This is an outline of NPR's "editorial development process called Hypothesis-Driven Design." It's an approach to design that goes beyond layout and presentation to include aspects of experimentation, but which also "provides teams with a structure for developing an informed and shared opinion to test and learn from in quick and lightweight ways." From where I sit the model would offer students a useful model to follow in their own development projects, one that combines both creativity with evidence-based practices.
This is dates from April, 2018, and was recently (?) released (via Digital Koans). It is an all-encompassing statement of author and institutional rights that draws a clear line between current predatory practices and what ought to be the academic publishing regime in the future. I strongly support this declaration. It opposes copyright transfers, opposes waivers on open access clauses, and states (among many other things) that "licenses shall not restrict, and should instead expressly protect, the rights of authors, institutions, and the public to reuse excerpts of published work consistent with legal exceptions and limitations on copyright such as fair use." Yeah! No double payments. No hidden profits. And no NDA clauses - " shall be transparent and shall not contain terms that prevent the sharing of their contents."
This is a different way of looking at the gap in science, technology, engineering and math (STEM) skills. Sure, there's the knowledge component - or, at least, "basic mathematics, critical thinking, complex and creative problem-solving and the ability to adapt." But the gap manifests in some unexpected ways as well. Consider, for example, the "belief gap", that is, "the impression students have about which industries offer STEM jobs and whether or not they believe they belong in STEM." Or the "geography gap," "exposing the connections between 'poverty and place' and the 'lack of opportunity in certain neighborhoods and communities.'" This account is based on the State of STEM report (warning: they will require the information they need to spam you before they send you a copy, but this direct link to the 44 page PDF might work).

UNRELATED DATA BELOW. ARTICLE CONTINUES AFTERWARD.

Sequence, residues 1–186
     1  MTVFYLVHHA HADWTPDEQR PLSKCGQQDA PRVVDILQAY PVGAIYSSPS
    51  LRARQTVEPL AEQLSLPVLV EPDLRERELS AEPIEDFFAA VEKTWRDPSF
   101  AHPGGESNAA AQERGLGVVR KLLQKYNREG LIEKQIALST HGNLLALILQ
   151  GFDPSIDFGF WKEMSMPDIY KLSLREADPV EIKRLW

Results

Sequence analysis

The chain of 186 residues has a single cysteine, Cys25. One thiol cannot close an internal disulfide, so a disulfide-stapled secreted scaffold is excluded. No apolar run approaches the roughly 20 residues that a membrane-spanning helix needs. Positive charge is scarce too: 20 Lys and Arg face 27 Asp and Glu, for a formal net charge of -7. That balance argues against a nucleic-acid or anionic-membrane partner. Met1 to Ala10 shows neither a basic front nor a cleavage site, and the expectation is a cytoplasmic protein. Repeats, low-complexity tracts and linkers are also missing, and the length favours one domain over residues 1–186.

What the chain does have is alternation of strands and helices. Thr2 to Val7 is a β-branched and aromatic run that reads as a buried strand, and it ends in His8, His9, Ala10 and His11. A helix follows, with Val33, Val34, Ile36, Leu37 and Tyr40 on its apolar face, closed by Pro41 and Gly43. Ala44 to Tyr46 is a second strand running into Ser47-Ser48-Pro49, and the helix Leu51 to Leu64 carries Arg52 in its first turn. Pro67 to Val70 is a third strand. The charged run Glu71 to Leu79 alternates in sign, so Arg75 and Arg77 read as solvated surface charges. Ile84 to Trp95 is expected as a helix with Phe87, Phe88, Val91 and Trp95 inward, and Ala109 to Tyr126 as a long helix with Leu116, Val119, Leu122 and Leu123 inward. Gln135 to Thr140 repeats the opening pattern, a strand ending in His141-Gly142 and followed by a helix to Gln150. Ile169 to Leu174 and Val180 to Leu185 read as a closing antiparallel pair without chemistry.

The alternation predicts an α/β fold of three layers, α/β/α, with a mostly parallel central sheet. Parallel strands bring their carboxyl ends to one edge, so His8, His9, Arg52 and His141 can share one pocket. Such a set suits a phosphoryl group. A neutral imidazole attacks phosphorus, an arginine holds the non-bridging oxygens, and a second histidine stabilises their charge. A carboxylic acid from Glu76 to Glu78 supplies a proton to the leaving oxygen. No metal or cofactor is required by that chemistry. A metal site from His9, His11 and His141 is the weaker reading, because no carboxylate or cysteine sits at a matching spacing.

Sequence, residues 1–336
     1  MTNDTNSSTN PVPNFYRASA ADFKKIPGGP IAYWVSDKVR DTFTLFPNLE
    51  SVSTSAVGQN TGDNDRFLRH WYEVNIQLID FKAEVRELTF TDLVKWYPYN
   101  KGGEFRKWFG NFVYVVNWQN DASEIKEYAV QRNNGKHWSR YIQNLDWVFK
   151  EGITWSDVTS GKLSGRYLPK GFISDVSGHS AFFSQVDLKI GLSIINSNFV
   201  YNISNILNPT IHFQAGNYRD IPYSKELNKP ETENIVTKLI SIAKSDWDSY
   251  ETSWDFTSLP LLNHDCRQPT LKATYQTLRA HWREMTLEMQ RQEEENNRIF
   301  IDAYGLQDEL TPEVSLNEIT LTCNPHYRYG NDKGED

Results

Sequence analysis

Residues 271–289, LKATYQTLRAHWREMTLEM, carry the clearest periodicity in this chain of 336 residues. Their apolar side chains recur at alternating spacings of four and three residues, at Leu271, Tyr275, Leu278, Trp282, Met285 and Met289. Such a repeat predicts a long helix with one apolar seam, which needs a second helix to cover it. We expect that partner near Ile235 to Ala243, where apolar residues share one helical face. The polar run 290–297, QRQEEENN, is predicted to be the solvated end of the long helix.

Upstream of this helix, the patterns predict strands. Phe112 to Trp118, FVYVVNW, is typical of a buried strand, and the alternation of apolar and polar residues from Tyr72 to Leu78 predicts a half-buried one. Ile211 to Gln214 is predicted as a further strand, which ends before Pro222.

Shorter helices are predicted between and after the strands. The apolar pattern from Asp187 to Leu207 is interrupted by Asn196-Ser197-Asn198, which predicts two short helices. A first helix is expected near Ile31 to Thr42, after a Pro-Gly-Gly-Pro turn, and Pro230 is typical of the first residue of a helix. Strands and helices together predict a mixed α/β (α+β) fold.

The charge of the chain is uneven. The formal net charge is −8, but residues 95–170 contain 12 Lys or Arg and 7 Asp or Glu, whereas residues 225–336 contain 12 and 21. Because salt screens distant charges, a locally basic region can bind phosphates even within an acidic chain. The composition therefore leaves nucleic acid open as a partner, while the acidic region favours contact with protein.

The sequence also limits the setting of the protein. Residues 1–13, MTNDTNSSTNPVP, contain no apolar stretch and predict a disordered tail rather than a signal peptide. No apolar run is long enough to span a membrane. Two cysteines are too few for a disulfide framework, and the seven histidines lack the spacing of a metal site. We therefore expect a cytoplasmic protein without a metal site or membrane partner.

A naive theory of truth would be one where a sentence is true if and only if whatever it describes is actually true in the real world. This is the correspondence theory of truth. But what if you can never satisfy this? What if you can't know enough about the real world to establish correspondance? Is there no truth, then? Not necessarily - this is where the coherence theory of truth comes in. If we can have a set of consistent sentences describing the world as we know it, then that consistence itself might be enough to justify our claim that the sentences are true. The most important advocate for a coherence theory of truth today is probably Donald Davidson, and I think this newly revised article in the Stanford Encyclopedia doesn't do him justice. But it's a good brief description of a concept everybody interested in knowledge should know.
This article describes what happened when four liberal arts colleges decided to form a consortium to offer EdX MOOCs together. Don't worry, it's nothing bad. But it's interesting to see how each institution found its own path forward. Davidson focused on "free, short courses driven by timely topics in the news, such as voter fraud and "engaging in a time of polarization." Colgate developed two MOOCs and "now sees them as one element in the institution's landscape of course modes." Wellesley secured Mellon Foundation grant for blended learning and developed an on-campus initiative. And Hamilton developed four MOOCs "but eventually opted not to pursue the medium further."
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Copyright 2018 Stephen Downes Contact: email@example.comThis work is licensed under a Creative Commons License.